Forest fires have become an annual nuisance in Indonesia leading to adverse health effects
The agricultural fires emit fine particulate matter (PM2.5) particles that cause severe health problems (Credit: Vikas Choudhary/CSE)
Forest fires and the resultant haze in Indonesia and other parts of Southeast Asia may have killed over 100,000 people, a new study has claimed.
The paper published published in journal Environmental Research Letters, used satellite data and computer modelling of health effects to determine the chances of early deaths in the region. It claims 91,600 deaths in Indonesia, 6,500 in Malaysia and 2,200 in Singapore due to the fire. These numbers are considerably higher than the 37,600 estimated deaths due to haze and fire in 2006.
The 2015 fires in Sumatra and the Indonesian part of Borneo have been considered the worst since 1997, burning about 261,000 hectares of forests in weeks.
However, governments of Indonesia, Singapore and Malaysia have dismissed these claims. Media reports say that officials from Indonesia have called the study baseless. A Singapore official said that the report does not reflect the situation on-ground.
The agricultural fires emit fine particulate matter (PM2.5) that cause severe health problems, including asthma, bronchitis, lung cancer and cardiovascular disease.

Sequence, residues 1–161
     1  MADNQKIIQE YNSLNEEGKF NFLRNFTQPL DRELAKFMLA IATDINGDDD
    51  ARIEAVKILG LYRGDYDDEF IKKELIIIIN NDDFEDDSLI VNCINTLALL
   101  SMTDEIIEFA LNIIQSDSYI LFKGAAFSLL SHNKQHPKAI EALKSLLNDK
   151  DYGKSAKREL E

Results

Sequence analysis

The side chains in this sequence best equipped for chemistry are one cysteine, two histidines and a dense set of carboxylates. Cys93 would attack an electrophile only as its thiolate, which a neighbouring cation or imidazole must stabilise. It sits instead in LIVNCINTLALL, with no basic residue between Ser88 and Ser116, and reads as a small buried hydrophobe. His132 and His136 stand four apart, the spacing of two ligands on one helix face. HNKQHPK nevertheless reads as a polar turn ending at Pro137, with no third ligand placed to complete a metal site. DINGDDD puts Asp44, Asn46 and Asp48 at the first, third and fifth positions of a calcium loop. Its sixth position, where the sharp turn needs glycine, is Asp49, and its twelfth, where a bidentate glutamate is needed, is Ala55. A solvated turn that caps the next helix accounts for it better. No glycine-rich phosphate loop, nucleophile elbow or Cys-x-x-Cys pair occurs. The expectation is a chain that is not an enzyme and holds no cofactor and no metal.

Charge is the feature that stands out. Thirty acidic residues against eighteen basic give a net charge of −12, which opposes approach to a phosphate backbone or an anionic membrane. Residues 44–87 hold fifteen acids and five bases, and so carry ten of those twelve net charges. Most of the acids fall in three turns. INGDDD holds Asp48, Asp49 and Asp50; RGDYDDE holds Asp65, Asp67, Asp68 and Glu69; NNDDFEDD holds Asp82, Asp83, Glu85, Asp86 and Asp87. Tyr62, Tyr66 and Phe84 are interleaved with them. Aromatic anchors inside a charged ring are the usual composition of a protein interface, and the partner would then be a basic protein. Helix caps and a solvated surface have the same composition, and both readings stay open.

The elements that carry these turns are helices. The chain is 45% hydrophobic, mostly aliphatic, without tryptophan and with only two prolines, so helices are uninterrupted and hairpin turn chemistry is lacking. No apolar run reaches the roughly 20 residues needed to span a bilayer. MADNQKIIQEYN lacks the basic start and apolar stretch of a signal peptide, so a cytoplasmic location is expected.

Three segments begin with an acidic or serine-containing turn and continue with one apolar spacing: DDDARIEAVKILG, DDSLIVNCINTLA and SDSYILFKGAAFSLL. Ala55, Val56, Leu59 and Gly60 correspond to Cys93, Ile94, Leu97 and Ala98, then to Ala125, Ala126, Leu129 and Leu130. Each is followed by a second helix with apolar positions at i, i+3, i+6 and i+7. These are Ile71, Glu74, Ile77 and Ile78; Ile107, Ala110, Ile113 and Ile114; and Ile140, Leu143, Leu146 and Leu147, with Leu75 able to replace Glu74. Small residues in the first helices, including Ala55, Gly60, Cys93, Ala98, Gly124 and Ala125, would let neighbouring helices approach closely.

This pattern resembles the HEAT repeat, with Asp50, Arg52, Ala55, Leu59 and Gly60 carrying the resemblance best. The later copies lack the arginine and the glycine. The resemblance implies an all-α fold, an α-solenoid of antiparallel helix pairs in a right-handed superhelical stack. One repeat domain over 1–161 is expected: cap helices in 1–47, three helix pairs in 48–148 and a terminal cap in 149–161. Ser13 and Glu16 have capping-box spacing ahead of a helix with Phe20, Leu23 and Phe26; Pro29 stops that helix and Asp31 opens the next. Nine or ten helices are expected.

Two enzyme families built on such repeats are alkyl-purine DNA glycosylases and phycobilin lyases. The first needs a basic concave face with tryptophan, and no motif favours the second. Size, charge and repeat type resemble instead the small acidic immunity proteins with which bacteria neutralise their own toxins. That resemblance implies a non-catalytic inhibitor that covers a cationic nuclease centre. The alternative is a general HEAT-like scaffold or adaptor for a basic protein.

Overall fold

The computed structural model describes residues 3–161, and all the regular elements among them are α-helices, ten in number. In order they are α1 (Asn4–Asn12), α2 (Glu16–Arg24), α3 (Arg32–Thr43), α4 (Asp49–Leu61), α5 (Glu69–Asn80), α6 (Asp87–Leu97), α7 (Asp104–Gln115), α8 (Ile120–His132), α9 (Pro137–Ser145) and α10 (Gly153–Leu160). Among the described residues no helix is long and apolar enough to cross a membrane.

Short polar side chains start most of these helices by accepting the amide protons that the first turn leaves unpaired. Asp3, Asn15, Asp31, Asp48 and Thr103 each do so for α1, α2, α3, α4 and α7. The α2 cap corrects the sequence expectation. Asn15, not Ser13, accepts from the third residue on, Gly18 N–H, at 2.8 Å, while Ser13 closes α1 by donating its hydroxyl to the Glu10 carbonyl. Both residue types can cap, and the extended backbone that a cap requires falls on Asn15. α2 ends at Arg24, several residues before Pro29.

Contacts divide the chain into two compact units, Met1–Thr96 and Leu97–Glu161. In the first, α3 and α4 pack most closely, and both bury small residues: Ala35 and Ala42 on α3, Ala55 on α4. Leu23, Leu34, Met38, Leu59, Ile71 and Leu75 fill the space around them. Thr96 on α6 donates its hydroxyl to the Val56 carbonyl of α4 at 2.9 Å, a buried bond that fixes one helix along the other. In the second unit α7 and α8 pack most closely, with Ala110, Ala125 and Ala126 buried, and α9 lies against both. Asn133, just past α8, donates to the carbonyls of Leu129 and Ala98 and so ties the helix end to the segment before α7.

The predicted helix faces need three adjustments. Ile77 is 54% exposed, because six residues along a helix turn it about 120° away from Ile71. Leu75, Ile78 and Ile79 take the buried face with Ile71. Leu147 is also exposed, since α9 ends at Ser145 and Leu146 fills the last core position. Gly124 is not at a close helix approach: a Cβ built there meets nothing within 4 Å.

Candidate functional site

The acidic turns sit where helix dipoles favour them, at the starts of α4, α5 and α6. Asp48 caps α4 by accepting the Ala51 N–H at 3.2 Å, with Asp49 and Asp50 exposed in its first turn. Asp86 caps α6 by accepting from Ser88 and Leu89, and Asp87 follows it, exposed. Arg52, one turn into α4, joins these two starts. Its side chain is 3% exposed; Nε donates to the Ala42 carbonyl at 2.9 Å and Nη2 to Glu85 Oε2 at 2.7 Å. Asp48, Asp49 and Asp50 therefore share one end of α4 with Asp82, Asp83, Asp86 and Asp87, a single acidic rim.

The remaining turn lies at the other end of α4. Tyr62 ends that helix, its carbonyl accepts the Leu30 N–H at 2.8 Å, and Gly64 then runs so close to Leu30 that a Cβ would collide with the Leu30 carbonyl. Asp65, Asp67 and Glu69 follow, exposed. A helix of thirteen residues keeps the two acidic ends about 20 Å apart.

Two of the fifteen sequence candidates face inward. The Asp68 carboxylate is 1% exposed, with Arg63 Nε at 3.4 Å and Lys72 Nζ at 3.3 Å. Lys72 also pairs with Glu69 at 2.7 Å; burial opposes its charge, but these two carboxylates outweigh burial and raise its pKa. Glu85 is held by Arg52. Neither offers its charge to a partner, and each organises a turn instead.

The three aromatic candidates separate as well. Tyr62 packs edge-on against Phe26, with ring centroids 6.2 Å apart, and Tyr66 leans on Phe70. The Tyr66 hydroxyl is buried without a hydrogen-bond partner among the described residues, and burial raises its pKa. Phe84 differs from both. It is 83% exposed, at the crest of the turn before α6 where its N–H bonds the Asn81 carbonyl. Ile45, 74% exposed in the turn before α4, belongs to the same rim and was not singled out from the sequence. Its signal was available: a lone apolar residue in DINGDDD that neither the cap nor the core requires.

Other than causing human health problems, the fires are an economic setback to countries. Carbon sinks are destroyed and animals lose their natural habitat. Orangutans fall victim to the crisis, and are often left sick and traumatised.
Large fires in Indonesia, started for clearing forest land for agricultural purposes, have become an annually nuisance. As per the BBC, fires are caused by corporations and small-scale farmers alike, who use this method to clear ground for palm oil, pulp and paper plantations. However, the situation often goes out of hand and the fires spread into protected forests. The fires continue for months, releasing thick smoke into the atmosphere. They are fuelled by peat deposits.
Last year, a state of emergency was declared in six Indonesian provinces due to the crisis. Indonesian branch of the global non-profit WWF has said that the fires are caused due to “collective negligence”.
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